The cleansing properties of these ingredients strip all of the natural grease your skin produces from your skin. This can cause the skin to become dry and irritated, exacerbating dry skin conditions such as eczema and psoriasis.
These ingredients are most commonly used in liquid soaps as they are emulsifiers. As you may know water and oil do not mix. But when you add these emulsifiers to the mix, it allows the oil to bond to the water molecules, hence the high usage in liquid soaps, shampoos and washing up liquid.
Finally the last property which is highly sought after is the property of foaming agent. People normally associate bubbles with cleanliness. Which is another reason this ingredient is used, a foaming agent does exactly what it says on the tin: it creates foam.
Unfortunately air trapped in pockets (the bubbles) do not actually clean. The real cleaning power is from the soap molecules that are within the water. So although this ingredient is added to make more bubbles, they have no real purpose other than to satisfy a psychological need for the association of bubbles and cleanliness.
What is the environmental impact of palm oil?
Palm oil itself is an incredibly efficient crop. It produces more oil per hectare of land than every other major oil produced today. It produces around 4 tonnes of oil per hectare compared to its closest rival coconut oil which produces 2 tonnes per hectare. That means it is twice as efficient as the next producer.
The only place on the earth this crop can be grown commercially is within the tropics.
Which is where the problem occurs; demand for this crop is high and ever increasing.
Increased demand is bad because when they clear land for new plantations of palm oil, the most common method is to burn the trees that are there to create space for the plantation. This method causes huge amounts of air pollution, which has been reported especially around South East Asia.
In 2013 children in the city state of Singapore were told to stay inside as the air quality was so low, it was a hazard to health. The burning of tropical rainforest to clear land for palm oil plantations was largely to blame.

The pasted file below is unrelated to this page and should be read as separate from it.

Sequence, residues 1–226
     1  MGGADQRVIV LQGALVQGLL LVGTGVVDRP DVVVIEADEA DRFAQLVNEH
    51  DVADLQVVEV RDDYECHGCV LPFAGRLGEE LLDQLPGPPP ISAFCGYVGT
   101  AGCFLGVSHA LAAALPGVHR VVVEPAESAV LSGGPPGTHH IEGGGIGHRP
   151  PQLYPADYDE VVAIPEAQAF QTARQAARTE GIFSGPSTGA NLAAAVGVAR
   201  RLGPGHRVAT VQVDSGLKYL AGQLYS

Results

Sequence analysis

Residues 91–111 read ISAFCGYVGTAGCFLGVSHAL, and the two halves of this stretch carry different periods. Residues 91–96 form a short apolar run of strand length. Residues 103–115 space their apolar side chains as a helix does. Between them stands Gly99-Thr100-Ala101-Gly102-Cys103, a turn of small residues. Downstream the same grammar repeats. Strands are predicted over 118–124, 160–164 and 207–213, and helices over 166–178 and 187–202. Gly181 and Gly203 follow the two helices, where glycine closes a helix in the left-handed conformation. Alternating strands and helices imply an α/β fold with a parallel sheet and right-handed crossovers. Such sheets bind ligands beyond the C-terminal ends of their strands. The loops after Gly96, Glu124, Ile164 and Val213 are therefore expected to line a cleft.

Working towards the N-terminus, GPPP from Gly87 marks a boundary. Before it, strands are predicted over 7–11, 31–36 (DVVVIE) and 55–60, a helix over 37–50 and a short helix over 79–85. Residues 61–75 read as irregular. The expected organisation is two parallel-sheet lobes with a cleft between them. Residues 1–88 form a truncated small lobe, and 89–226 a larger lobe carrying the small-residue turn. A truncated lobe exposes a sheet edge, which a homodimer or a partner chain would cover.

It’s not just air quality, it is also a loss of habitat. I know the orang-utan is the face of the fight against palm oil, but it’s the complete ecosystem attached to the orang-utan which is losing its habitat. A huge loss in biodiversity and we may have already eliminated species of animals and plants that have never been discovered.
Pollution and soil erosion are another reason we need to reduce our use of palm oil. For every tonne of palm oil produced, 2.5 tonnes of liquid discharge is released back into the surrounding ecosystem, containing chemicals and contaminants used in the refining process.
When palm oil trees are planted on steep slopes, which usually housed a wide array of flora and fauna, the rain washes away the soil into the river system. Soil erosion causes an increased chance of natural disasters such as landslides as well as increased silt deposits in rivers and ports.
The loss of this peat rich soil which is the most effective carbon sink in the world, is also contributing to climate change.
To sum it up, palm oil is not really the best ingredient to use in cosmetics, due to its incredibly drying properties. Its derivatives also contribute to the suffering of people with dry skin conditions and it’s terrible for the environment.
If you love your planet and want to make a change, switch to palm oil free cosmetics. We need to reduce our reliance on this environmental fiend!
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I hope you have enjoyed this article, and we have plenty more on our blog if you want to read more about why natural soap is so great.